You’re really bringing me back. This was 2015. So it all started with research, and that’s really been the foundation of the company from day one, and it continues to drive everything we do today. Everything is based on research and what the academic community has to say about particular ingredients and particular products.
It was around researching coconut oil and the various applications around the world from oral health to skin health to hair health that really got us looking into, well, if we break down coconut oil, what are the beneficial properties? And so that got us on this path to lauric acid, which eventually ended with monolaurin. So lauric acid is the hero of the story here.
Monolaurin is a medium-chain fatty acid that’s derived from lauric acid, which is a medium-chain fatty acid that’s found primarily in three sources in large quantities: Coconut oil, palm kernel oil, and human breast milk. It’s an incredible substance.
I encourage anyone listening today to go poke around. There are very authoritative websites, including PubMed, that talk about it. It’s part of the National Institute of Health, the government website that promotes and indexes publicly available peer-reviewed research.
So we started looking for suppliers and manufacturers who had an alignment with the goals that we had around safety and quality and transparency – really, really critical things to get right when you’re building a business that depends on the trust of your consumer to put something in their body. That was paramount.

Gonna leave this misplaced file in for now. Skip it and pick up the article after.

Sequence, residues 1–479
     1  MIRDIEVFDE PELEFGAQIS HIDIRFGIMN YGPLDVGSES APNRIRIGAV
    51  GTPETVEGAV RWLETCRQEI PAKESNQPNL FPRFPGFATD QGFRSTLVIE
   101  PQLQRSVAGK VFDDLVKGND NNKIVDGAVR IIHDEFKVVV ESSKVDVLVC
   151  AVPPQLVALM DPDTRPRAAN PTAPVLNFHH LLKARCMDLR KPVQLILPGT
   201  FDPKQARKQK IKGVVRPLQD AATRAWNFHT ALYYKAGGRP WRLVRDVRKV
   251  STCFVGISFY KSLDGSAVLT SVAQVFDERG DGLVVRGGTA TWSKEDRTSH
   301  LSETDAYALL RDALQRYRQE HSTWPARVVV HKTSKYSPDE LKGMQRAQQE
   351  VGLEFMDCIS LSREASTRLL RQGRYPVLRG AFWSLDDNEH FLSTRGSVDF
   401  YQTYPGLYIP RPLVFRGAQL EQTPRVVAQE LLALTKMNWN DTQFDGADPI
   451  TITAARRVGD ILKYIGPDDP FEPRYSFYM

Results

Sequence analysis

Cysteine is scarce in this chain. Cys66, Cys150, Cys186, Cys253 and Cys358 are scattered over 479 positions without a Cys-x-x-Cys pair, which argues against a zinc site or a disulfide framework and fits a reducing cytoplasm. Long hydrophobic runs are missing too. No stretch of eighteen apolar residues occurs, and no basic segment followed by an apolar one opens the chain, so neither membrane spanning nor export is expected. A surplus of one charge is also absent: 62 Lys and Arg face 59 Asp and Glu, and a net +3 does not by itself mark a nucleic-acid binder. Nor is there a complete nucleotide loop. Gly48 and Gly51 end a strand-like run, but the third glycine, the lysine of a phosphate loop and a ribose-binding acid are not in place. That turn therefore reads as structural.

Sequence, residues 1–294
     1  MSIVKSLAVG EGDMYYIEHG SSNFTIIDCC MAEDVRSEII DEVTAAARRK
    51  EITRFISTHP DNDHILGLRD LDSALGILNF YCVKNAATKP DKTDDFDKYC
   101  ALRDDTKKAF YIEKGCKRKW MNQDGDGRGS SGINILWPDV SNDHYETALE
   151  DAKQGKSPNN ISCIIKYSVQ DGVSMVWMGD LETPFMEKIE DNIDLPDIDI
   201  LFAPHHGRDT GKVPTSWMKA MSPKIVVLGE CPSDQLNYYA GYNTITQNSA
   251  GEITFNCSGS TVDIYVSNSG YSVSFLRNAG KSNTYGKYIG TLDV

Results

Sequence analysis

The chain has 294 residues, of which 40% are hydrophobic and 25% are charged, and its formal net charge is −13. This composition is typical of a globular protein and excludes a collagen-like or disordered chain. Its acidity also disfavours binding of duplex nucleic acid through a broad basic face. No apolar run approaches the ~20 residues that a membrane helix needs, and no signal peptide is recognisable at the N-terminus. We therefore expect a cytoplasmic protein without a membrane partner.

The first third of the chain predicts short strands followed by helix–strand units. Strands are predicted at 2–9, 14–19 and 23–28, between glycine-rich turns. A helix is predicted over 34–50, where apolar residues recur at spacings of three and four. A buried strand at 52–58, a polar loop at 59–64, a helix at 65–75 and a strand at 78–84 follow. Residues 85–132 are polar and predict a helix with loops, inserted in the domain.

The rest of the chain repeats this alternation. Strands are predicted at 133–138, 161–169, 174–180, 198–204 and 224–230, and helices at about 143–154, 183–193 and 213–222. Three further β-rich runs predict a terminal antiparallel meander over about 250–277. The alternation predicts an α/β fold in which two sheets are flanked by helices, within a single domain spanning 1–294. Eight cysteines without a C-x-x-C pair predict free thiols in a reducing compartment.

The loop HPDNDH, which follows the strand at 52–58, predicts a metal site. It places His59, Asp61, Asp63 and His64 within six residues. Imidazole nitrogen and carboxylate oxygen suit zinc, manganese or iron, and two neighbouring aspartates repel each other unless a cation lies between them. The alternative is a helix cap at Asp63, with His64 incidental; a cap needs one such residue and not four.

It began with the research and then finding and assessing partners throughout the entire supply chain that could live up to the standards that we were looking to do. We started with that one product and grew from there.
Amazing. Amazing. I think that with my own journey with Clean Rebellion, starting any type of product business, there are so many steps, and then there are highs and lows on that journey. Walk me through some of the highs and lows that you’ve experienced with product development.
Now you have so many different products launching and growing and scaling. Walk me through those high points and some of the points that you’re like, “Oh, no.”
There’s plenty of both. In the early days, maybe more lows than highs. But I think the entrepreneurial spirit was there from day one. Since college, I wanted to do something bigger and better beyond my individual contributions.